Editor's Note: Digital photographs of earlier Engineers Without Borders projects can be obtained by contacting Carol Rowe at (303) 492-7426 or email@example.com.
University of Colorado at Boulder engineering students will be part of a team traveling to Rwanda, March 19 to March 31, to work with a village decimated by genocide just short of a decade ago and now suffering from poverty, insufficient food and unsafe drinking water.
The project in Muramba, Rwanda, is part of the Engineering for Developing Communities program at CU-Boulder and Engineers Without Borders-USA, a national nonprofit organization founded by CU-Boulder Professor Bernard Amadei.
Located in a mountainous region on the border with the Democratic Republic of the Congo, Muramba faces problems associated with war and severe poverty, according to Evan Thomas, CU student coordinator of the trip.
About 6,000 people in the region rely on subsistence farming and a 75-year-old gravity-fed water system to deliver drinking water to four taps, which produce muddy water and often do not flow at all. The community struggles with frequent illness due to unclean water, while poor soil conditions, a lack of irrigation for hillside crops and a 14-month drought have contributed to near famine conditions.
The first phase of the project will involve an on-site survey of the water system to determine what repairs are needed and the introduction of drip irrigation techniques. The team also will visit Rwanda's capital city, Kigali, where it will attempt to locate equipment suppliers and meet with the U.S. ambassador and students from the Kigali Institute of Science and Technology, which will partner in the project.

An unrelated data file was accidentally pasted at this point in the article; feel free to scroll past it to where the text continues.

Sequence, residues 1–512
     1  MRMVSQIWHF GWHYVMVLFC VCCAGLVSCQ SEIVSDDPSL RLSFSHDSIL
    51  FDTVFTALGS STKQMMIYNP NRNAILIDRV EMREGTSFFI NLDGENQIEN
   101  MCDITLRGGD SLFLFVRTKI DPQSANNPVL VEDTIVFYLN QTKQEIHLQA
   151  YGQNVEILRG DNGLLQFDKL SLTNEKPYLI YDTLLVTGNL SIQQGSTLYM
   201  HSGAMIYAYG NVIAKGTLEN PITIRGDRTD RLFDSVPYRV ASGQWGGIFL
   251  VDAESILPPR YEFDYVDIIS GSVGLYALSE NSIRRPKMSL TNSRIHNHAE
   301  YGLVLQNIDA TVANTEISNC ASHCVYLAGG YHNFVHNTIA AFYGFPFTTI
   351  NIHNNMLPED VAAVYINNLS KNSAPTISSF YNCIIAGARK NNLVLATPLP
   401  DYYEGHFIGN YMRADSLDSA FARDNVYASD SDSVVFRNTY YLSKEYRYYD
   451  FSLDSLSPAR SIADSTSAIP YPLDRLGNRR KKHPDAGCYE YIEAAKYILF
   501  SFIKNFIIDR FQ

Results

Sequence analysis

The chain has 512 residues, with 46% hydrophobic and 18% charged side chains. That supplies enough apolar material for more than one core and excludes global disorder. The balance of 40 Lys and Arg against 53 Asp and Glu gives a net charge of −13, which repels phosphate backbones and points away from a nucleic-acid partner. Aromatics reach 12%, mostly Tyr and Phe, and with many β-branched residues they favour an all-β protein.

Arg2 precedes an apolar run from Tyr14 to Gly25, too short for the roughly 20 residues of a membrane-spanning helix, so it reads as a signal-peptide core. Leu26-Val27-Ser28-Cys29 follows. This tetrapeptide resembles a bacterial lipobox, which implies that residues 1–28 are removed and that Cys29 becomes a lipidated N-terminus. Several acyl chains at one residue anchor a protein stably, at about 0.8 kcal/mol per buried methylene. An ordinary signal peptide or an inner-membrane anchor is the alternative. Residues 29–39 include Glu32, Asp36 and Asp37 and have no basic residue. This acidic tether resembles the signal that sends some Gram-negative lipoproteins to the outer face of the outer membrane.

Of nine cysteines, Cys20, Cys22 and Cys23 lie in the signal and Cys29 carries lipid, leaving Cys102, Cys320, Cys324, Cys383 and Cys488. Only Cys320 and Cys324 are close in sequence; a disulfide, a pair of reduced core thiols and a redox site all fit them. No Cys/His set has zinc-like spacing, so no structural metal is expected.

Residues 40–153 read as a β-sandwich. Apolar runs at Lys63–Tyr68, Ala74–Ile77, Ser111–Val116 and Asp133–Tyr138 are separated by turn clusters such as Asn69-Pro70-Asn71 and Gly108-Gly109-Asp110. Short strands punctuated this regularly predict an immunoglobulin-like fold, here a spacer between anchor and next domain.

Both Hutu and Tutsi students from Kigali will join with the American team in helping the Hutu community of Muramba, which suffered many deaths during the Rwandan genocide that began on April 7, 1994.
After assessing the water system, the team will return in May or June to begin implementation of water system repairs. Engineering teams also will return in subsequent years to address other community-identified needs.
The first 10-person team will be led by Amadei and Denver nurse Frances Feeney, who requested assistance from Engineers Without Borders-USA after a previous visit to Muramba. Four CU engineering students, a student and a professor from the University of Wisconsin-Madison, a professional engineer and a cultural consultant will complete the group.
The mission of Engineers Without Borders-USA is to work with communities to implement sustainable engineering solutions to problems in the developing world. The nonprofit organization, which has 65 student chapters and 800 members throughout the United States, currently is involved in more than 50 projects in 22 countries around the world. By using volunteer labor and donations, the organization has been able to assist communities in meeting a variety of basic needs, while providing valuable opportunities for engineering students to apply their knowledge and skills to help people who need it the most.
The first phase of the Rwanda project is sponsored by the CU-Boulder Outreach Committee, the Engineering Excellence Fund in the College of Engineering and Applied Science, and private donations.